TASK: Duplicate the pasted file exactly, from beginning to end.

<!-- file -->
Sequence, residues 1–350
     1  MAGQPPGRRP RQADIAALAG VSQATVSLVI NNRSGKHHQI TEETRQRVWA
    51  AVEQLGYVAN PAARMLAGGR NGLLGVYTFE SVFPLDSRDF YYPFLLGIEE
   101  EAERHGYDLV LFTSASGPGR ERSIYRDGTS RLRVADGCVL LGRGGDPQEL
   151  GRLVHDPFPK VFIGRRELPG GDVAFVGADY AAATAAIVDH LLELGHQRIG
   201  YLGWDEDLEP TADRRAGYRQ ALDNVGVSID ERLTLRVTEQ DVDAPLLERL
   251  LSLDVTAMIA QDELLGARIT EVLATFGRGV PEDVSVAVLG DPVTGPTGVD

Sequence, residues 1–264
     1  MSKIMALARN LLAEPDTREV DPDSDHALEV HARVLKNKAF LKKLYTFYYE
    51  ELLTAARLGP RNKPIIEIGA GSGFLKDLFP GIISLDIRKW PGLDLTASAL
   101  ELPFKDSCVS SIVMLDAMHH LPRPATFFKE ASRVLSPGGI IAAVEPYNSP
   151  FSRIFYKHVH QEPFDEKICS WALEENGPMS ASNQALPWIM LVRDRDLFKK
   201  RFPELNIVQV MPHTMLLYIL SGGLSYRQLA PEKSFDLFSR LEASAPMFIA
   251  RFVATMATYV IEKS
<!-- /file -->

Sequence, residues 1–350
     1  MAGQPPGRRP RQADIAALAG VSQATVSLVI NNRSGKHHQI TEETRQRVWA
    51  AVEQLGYVAN PAARMLAGGR NGLLGVYTFE SVFPLDSRDF YYPFLLGIEE
   101  EAERHGYDLV LFTSASGPGR ERSIYRDGTS RLRVADGCVL LGRGGDPQEL
   151  GRLVHDPFPK VFIGRRELPG GDVAFVGADY AAATAAIVDH LLELGHQRIG
   201  YLGWDEDLEP TADRRAGYRQ ALDNVGVSID ERLTLRVTEQ DVDAPLLERL
   251  LSLDVTAMIA QDELLGARIT EVLATFGRGV PEDVSVAVLG DPVTGPTGVD

Sequence, residues 1–264
     1  MSKIMALARN LLAEPDTREV DPDSDHALEV HARVLKNKAF LKKLYTFYYE
    51  ELLTAARLGP RNKPIIEIGA GSGFLKDLFP GIISLDIRKW PGLDLTASAL
   101  ELPFKDSCVS SIVMLDAMHH LPRPATFFKE ASRVLSPGGI IAAVEPYNSP
   151  FSRIFYKHVH QEPFDEKICS WALEENGPMS ASNQALPWIM LVRDRDLFKK
   201  RFPELNIVQV MPHTMLLYIL SGGLSYRQLA PEKSFDLFSR LEASAPMFIA
   251  RFVATMATYV IEKS